Between 750,000 and a million Palestinians were forcibly displaced by Zionist militias in 1947-49, never to be allowed back. Hundreds of villages and towns were destroyed, thousands were killed, many of them in massacres that terrorized Palestine’s native population. Seventy-five years later, many of that first generation have died. But some are still alive to tell stories of the Nakba – Arabic for catastrophe. Fatima Abu Dayya, 82, was 7 when her family was forced to flee their village of Yibna, which was seized by Zionists in 1948. Yibna is 15 km southwest of Ramla. “My father took the key of our house along with some clothes and then we traveled on a donkey-drawn cart.

German Police Attack Palestine Supporters On Nakba Day

The attacks on protesters came after authorities in the German capital banned a Jewish group from holding a vigil in memory of Shireen Abu Akleh, the Al Jazeera correspondent assassinated last week, with all evidence pointing at Israel being responsible. “The gathering in memory of Abu Akleh had been organized by Jüdische Stimme, a Jewish group that supports Palestinian rights,” Al Jazeera reported. “But police told the group that the event – planned to take place on Friday evening – fell under the ban on protests in the run-up to Nakba Day.” Every year on 15 May, which this year fell on Sunday, Palestinians commemorate the Nakba – their 1948 ethnic cleansing from their homeland by Zionist militias, before and after Israel was founded.

The Nakba Never Ended, And Palestinian Resistance Hasn’t Either

A few days before Palestinians were set to commemorate the 74th anniversary of their forceful displacement from their ancestral lands, known as the Nakba or catastrophe, the Israeli Supreme Court rejected a 23-year-old petition by the residents of Masafer Yatta in the occupied southern West Bank and allowed the Israeli military to demolish hundreds of their houses arguing that they are in “firing range”. The incident is part of a systemic policy of the Israeli state to grab more and more Palestinian lands and force the Indigenous Palestinians to live as a refugees in their own country. This everyday Nakba, however, fails to dampen the will of Palestinians to fight for their freedom, land, and right to return.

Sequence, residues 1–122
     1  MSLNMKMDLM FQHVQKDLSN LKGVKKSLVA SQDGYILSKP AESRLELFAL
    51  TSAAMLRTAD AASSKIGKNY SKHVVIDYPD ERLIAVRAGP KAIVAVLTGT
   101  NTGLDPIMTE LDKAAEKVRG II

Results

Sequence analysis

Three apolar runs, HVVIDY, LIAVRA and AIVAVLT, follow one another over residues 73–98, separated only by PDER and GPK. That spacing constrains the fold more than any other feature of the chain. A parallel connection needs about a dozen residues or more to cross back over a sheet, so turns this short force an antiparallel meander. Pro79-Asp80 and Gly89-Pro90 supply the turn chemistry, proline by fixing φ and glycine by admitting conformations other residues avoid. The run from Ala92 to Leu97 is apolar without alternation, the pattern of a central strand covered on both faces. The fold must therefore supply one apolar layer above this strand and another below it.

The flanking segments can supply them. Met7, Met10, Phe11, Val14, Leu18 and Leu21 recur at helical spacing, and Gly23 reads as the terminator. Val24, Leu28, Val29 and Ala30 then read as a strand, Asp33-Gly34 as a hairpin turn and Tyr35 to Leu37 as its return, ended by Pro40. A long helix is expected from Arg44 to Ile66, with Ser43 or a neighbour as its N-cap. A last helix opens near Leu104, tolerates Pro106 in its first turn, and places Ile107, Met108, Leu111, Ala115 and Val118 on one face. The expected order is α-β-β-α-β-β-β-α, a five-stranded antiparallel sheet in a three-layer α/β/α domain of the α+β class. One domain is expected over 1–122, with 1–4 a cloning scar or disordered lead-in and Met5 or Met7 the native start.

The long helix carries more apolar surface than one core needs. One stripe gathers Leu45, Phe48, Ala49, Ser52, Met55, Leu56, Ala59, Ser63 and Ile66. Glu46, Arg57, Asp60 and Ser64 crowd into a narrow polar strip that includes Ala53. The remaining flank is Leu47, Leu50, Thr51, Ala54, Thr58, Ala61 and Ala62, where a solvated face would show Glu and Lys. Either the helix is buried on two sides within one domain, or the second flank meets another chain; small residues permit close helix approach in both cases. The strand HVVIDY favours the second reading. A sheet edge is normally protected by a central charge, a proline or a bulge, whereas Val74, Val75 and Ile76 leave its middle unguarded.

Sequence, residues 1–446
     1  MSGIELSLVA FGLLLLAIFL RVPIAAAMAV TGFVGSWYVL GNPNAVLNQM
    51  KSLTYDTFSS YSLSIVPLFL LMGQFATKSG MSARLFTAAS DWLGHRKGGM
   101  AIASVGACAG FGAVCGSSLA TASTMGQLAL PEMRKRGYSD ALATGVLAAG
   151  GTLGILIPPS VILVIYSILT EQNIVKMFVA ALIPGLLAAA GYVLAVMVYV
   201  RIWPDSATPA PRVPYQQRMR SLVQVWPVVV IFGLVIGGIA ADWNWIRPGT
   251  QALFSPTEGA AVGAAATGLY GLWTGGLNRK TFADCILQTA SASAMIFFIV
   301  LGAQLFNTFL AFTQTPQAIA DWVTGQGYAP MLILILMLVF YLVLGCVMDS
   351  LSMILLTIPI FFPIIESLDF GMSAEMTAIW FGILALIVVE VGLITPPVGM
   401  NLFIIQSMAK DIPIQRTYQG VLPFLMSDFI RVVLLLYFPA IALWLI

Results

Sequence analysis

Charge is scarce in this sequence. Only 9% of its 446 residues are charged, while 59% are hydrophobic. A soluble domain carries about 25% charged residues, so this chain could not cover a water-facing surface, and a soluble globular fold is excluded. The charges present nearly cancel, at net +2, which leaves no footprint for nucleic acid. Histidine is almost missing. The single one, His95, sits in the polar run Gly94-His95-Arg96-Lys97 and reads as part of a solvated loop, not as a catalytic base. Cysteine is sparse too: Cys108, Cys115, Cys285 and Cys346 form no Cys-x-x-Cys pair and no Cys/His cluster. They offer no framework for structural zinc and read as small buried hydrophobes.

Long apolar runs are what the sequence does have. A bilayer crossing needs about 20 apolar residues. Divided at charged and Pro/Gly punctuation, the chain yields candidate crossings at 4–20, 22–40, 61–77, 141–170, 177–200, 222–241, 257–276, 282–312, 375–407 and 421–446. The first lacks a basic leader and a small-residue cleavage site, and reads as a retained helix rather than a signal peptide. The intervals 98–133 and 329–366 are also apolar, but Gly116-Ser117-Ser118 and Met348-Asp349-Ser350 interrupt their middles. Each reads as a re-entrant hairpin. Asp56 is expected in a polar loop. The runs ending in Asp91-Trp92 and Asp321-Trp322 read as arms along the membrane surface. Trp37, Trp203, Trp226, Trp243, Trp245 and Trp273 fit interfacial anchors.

I Vividly Remember The Nakba

Seventy-four years ago, I witnessed the Nakba, the ethnic cleansing of Palestine. I experienced it from the perspective of a 12-year-old boy in my rural village of Battir. Battir was linked by train to Jerusalem, about 12 kilometers away. The steam locomotive shuttled twice a day to the city, allowing villagers to bring their produce to market. Jerusalem was also where many people went to work, visited doctors and met other basic needs. Though many in Battir were illiterate, each day newspapers would come from Jerusalem. People would gather and listen as someone read aloud the news of the events swirling around us and on which our future hinged. For a long time, it was well understood that the British promise of a “Jewish national home” in Palestine was an existential threat.

DiEM25 Condemns Berlin’s Ban On Nakba Commemorations

In an outrageous attack on Palestinian rights, memory and even identity, the police in Berlin, the capital of Germany, have banned all public commemorations of the 74th anniversary of the Palestinian Nakba, when over 750,000 Palestinians were forced from their homes and lands by Zionist militias. The Nakba is commemorated on 15 May, known as Nakba Day or the Day of Palestinian Struggle. Events are being organized throughout Palestine and globally. The events banned by the police include two marches, two awareness-raising tents and a cultural gathering, scheduled for 13, 14 and 15 May. Samidoun Deutschland was the organizer of one of the cancelled marches, Palestine Speaks the organizer of another, and the cultural event was organized by a group of Palestinian community organizations. After the ban, an application for a memorial vigil for Palestinian journalist Shireen Abu Aqleh — shot dead by Israeli occupation forces — was also prohibited as a “replacement for the banned events.”